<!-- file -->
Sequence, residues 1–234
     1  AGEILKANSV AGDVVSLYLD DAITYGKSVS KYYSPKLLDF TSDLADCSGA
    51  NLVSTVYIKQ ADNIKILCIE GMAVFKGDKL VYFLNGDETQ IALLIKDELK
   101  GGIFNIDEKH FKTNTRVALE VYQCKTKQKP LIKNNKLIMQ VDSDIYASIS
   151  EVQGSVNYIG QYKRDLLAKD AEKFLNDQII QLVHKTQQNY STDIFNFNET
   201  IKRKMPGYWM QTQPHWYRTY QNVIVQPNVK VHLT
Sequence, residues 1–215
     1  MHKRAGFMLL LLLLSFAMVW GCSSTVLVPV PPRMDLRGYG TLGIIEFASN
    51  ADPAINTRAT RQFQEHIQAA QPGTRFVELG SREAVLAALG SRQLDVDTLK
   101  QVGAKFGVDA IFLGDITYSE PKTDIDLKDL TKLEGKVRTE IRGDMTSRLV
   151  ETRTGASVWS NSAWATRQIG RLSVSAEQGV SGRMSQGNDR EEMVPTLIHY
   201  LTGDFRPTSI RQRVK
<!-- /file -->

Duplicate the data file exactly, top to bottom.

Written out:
Sequence, residues 1–234
     1  AGEILKANSV AGDVVSLYLD DAITYGKSVS KYYSPKLLDF TSDLADCSGA
    51  NLVSTVYIKQ ADNIKILCIE GMAVFKGDKL VYFLNGDETQ IALLIKDELK
   101  GGIFNIDEKH FKTNTRVALE VYQCKTKQKP LIKNNKLIMQ VDSDIYASIS
   151  EVQGSVNYIG QYKRDLLAKD AEKFLNDQII QLVHKTQQNY STDIFNFNET
   201  IKRKMPGYWM QTQPHWYRTY QNVIVQPNVK VHLT
Sequence, residues 1–215
     1  MHKRAGFMLL LLLLSFAMVW GCSSTVLVPV PPRMDLRGYG TLGIIEFASN
    51  ADPAINTRAT RQFQEHIQAA QPGTRFVELG SREAVLAALG SRQLDVDTLK
   101  QVGAKFGVDA IFLGDITYSE PKTDIDLKDL TKLEGKVRTE IRGDMTSRLV
   151  ETRTGASVWS NSAWATRQIG RLSVSAEQGV SGRMSQGNDR EEMVPTLIHY
   201  LTGDFRPTSI RQRVK